This reminds me of the Arvizos, when they first met with lawyers after their "escape" from Neverland. They had no stories of molestation until after meeting with the lawyers for several months, claiming they only wanted to negotiate getting their belongings from the storage locker and keep their photos out of the media. Even when they first brought in the Chandler's former attorney, Larry Feldman, they still had not mentioned any allegations of abuse.
About 70 sheriffs participated in this raid, and helicopters added to the spectacle. Jackson was in Las Vegas at the time. Just the same as in the Neverland raids from 1993, nothing incriminating was found.
Filed on November 17, 2003, this Statement of Probable Cause lacked any objective evidence, and included numerous falsehoods, such as the "evidence" that Gavin and Jackson had an ongoing friendship over 2 years. This was the basis for the raids and arrest.
Today article referencing Sgt. Robel's later 2005 testimony that there was basically no investigation prior to the raid. Describes this approach as "faith-based" prosecution, despite the shady history of the family.
Includes highlights from his career and family background.
Articles about Tom Sneddon’s gleeful demeanor at the 2003 press conference announcing Jackson's arrest:
In his Court TV appearance he referred to Jackson as Wacko Jacko.
The police stop their investigation once it's established that Kapon never had contact with Jackson. It was Kapon's mother's mental illness that factored into the bizarre claims of abuse.
Diane Dimond claiming certainty about love letters
This is the CNN Transcript of Diane Dimond on Larry King, claiming knowledge of the existence of love letters by Jackson to Gavin, which never materialize. There is never any mention of "love letters" by the prosecution at Jackson's trial.
KING: Does anyone here -- does anyone here -- anyone -- know of the existence of these letters?
DIMOND: Absolutely. I do.
DIMOND: I absolutely know of their existence!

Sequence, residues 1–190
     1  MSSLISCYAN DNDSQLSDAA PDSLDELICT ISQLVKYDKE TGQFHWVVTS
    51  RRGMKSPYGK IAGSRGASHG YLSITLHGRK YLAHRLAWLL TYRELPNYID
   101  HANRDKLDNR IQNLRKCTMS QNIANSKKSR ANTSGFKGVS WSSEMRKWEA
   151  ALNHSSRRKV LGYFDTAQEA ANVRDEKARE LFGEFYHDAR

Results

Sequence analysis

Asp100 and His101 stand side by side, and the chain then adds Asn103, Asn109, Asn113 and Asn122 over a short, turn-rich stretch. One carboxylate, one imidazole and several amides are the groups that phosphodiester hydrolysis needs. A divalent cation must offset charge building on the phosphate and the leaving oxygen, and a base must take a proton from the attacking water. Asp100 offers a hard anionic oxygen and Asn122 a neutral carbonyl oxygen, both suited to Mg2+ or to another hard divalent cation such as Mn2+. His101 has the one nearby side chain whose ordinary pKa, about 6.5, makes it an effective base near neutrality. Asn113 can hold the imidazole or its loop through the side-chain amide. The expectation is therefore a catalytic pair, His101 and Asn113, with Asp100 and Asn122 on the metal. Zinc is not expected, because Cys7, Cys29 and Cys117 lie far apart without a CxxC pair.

Jackson lawyer Mark Geragos statement that Jackson has an alibi for all the dates listed in complaint:
Why Grand Juries almost always indict, and are considered rubber stamps for prosecutors:
Mesereau notes that with the prosecution's conspiracy charge, Jackson's defense loses many valuable witnesses because of the prosecution's threat of filing criminal charges against them related to the conspiracy.
Jackson fires Mark Geragos and hires defense attorney Tom Mesereau:
Mesereau takes a completely different approach to the media, and shuns the cameras. Mesereau quickly understands how many around Jackson were trying to take advantage of him. Mesereau goes to work trying to rid Jackson of these hangers-on.
July 2004 news press article where Jackson associates respond to new charges of conspiracy: Hobbs, Dawn. “Timeline Emerges in Jackson Abuse Case.” Santa Barbara News-Press. 31 Jul. 2004
The Arvizos prior mental exams published:
Psychiatrist believes Janet arvizo to be suffering from schizophrenia. Believes the kids were coached.
October 2004, Ray Chandler objects to subpoena by Jackson to bring the “evidence” he’s been talking about in the media into court.
Defense asks for delay in trial due to 22,000 pages of discovery turned over by the prosecution at the last minute on Dec 14, 2004.
In September 2004, 2 FBI agents were dispatched to NY to speak with Jordan Chandler about testifying at Jackson's trial. Jordan told them he had no interest in testifying against Jackson and would legally fight any attempt to do so.
You can see a screenshot of the credits for the show "Inside the Michael Jackson case" where Victor Gutierrez is listed as a consulting producer for the show.
Grand jury documents:
These documents were illegally leaked to the media, and details of the allegations were reported.
Thanks to the following websites for collecting documents and providing case analysis over many years:
Many of their posts helped to guide the research for this episode.